|Publication number||US7007214 B2|
|Application number||US 10/604,194|
|Publication date||Feb 28, 2006|
|Filing date||Jun 30, 2003|
|Priority date||Jun 30, 2003|
|Also published as||US20040268195|
|Publication number||10604194, 604194, US 7007214 B2, US 7007214B2, US-B2-7007214, US7007214 B2, US7007214B2|
|Inventors||Steven Michael Eustis, Leah Marie Pfeifer Pastel, Thomas Richard Bednar, Thomas Gregory Sopchak, Jeffery Howard Oppold|
|Original Assignee||International Business Machines Corporation|
|Export Citation||BiBTeX, EndNote, RefMan|
|Patent Citations (10), Non-Patent Citations (1), Referenced by (9), Classifications (7), Legal Events (6)|
|External Links: USPTO, USPTO Assignment, Espacenet|
1. Technical Field
The present invention relates in general to the field of computers, and in particular to the testing of circuits, including integrated circuits. Still more particularly, the present invention relates to a method and system for locating a defect in a scan chain.
2. Description of the Related Art
A significant expense incurred during the manufacture of integrated circuit (IC) wafers is testing. Such testing generally entails inputting data into a logic circuit on the wafer at a first test access point, and then reading the output results at a second test access point. Often, finer granularity is required to determine whether the logic is functioning properly. That is, a known input data into a logic circuit may result in a desired (expected) output, but the desired output may be the result of multiple offsetting errors. For example, if a “1” is input into three inverters in series, a “0” will be output whether all three inverters are working properly or if only one of the inverters is functioning and the other two are straight shorts. To determine whether the complete logic circuit is functioning properly, data is read out at intermediate logic levels using scan chains, which allow probes to pull off intermediary ults from the logic circuit.
Data is written to the combinational logic blocks 102 a, 102 b, and 102 c in a parallel or broadside manner via respective primary input (PI) vectors 106 a, 106 b, 106 c. Data is read from the combinational logic blocks 102 a, 102 b, 102 c in a parallel fashion to the primary output (PO) vectors 108 a, 108 b, 108 c, respectively. The PO vectors 108 a, 108 b function as PI vectors to respective scan chain latch circuits 104 a and 104 b.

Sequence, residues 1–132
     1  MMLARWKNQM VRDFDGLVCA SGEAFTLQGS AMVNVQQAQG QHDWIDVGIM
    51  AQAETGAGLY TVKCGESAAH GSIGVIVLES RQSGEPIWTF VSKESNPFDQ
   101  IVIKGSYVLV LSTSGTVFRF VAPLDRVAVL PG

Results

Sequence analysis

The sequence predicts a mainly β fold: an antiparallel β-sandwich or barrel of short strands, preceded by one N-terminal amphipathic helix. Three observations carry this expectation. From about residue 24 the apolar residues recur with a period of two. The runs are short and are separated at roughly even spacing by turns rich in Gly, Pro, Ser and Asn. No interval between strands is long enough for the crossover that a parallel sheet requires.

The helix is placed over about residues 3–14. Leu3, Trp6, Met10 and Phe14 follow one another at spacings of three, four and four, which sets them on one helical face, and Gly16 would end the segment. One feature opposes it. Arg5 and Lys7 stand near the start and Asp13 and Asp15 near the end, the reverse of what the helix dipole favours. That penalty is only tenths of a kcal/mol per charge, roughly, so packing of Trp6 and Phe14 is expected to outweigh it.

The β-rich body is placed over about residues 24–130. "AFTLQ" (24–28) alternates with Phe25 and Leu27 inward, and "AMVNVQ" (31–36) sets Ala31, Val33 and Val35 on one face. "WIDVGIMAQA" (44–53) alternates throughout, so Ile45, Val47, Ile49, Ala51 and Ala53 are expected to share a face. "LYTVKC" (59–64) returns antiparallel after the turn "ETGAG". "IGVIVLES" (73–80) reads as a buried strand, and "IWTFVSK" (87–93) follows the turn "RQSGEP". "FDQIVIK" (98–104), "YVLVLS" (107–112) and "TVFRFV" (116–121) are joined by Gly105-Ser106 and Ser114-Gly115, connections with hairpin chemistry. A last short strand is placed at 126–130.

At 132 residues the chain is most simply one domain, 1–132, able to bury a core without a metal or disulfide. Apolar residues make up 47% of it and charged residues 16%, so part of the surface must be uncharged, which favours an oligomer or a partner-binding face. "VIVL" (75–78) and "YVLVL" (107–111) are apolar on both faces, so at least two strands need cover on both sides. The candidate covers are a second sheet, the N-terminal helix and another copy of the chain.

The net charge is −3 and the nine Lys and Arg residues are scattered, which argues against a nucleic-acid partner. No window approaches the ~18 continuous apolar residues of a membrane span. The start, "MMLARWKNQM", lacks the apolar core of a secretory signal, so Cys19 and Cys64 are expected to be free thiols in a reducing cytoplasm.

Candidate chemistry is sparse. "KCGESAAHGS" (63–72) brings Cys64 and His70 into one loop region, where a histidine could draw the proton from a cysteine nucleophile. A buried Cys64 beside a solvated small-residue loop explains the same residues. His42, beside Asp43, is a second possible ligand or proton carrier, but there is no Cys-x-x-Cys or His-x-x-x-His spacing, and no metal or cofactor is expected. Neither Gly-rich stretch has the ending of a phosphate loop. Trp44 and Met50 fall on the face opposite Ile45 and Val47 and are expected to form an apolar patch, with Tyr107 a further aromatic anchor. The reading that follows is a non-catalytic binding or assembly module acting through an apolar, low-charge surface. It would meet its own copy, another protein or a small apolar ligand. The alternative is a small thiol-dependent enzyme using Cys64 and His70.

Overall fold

The scan chain latch circuits 104 a and 104 b may also be loaded serially to enable testing of the scan chain latches 104 a and 104 b. In particular, shift register input (SRI) line 120 provides a serial input to scan chain latch 104 a. Similarly, shift register output (SRO) line 122 provides an output from scan chain latch 104 b. Scan chain latches 104 a and 104 b are interconnected by serial line 124. Serial line 124 functions as a SRO for scan chain latch 104 a and as an SRI for scan chain latch 104 b. One or a plurality of system clocks 126 output timing signals to control timing operations of the combinational logic blocks 102 and scan chain latches 104. One or a plurality of scan chain clocks 128 provide timing signals to scan chain latches 104.
While scan chains are useful in determining whether a logic circuit is functioning properly, the scan chains themselves may also be defective. While such defects may be from defective latches in the scan chain, if the latches are robust (designed to ensure their integrity), then defects are primarily in the wiring connecting the latches. Such defects may be opens (a clean break in the wiring), shorts (the wiring touching another wire inadvertently), or stuck-at faults (the wiring touching either ground or voltage). The most problematic wiring defect is a stuck-at fault, since the latch otherwise appears to be functioning properly, albeit with a constant input value. That is, if a connector going into the input of the latch is shorted to ground, then that latch will only be able to latch a logical zero. Likewise, if the input is shorted to voltage, then that latch will only be able to latch a logical one.
Therefore, it would be beneficial to have a method and system that could locate exactly where in the scan chain the connector defect occurred. By finding the exact location of the defect, a more precise manufacture solution for correcting the defect can be determined for the defective scan chain, as well as the overall wiring layer of the IC. Preferably, such an method and system would detect the location of multiple connector defects.
The present invention is directed to a method and system for locating connector defects in a defective scan chain that has a parallel non-defective scan chain on a different wiring level, with both scan chains being laid out in a regular array pattern. A predetermined bit sequence is scanned into the defective scan chain. The contents of the defective scan chain are then parallel shifted into the non-defective scan chain. The contents of the non-defective scan chain is then scanned out and compared with the predetermined bit sequence. The comparison of the scanned out bits with the predetermined bit sequence facilitates locating both physically and logically where a connector defect has occurred in the defective scan chain.
The above, as well as additional objectives, features, and advantages of the present invention will become apparent in the following detailed written description.
The novel features believed characteristic of the invention are set forth in the appended claims. The invention itself, however, as well as a preferred mode of use, further objects and advantages thereof, will best be understood by reference to the following detailed description of an illustrative embodiment when read in conjunction with the accompanying drawings, where:
With reference now to
Latches 222 are preferably master/slave latch pairs, but may be any bit or state holding device known to those skilled in the art of integrated circuit (IC) design. In a preferred embodiment, each scan chain is physically wired on a different wiring level of an IC chip or wafer. These wiring levels are preferably on different metal levels, but may be on any different wiring level as understood by those skilled in the art of IC fabrication. Thus scan chain 202 is physically wired on wiring level 1, scan chain 204 is on wiring level 2, and scan chain 206 is on wiring level 3. Latches 222 on different wiring levels are coupled via connectors 224, including the depicted connectors 224 a and 224 b. Note further that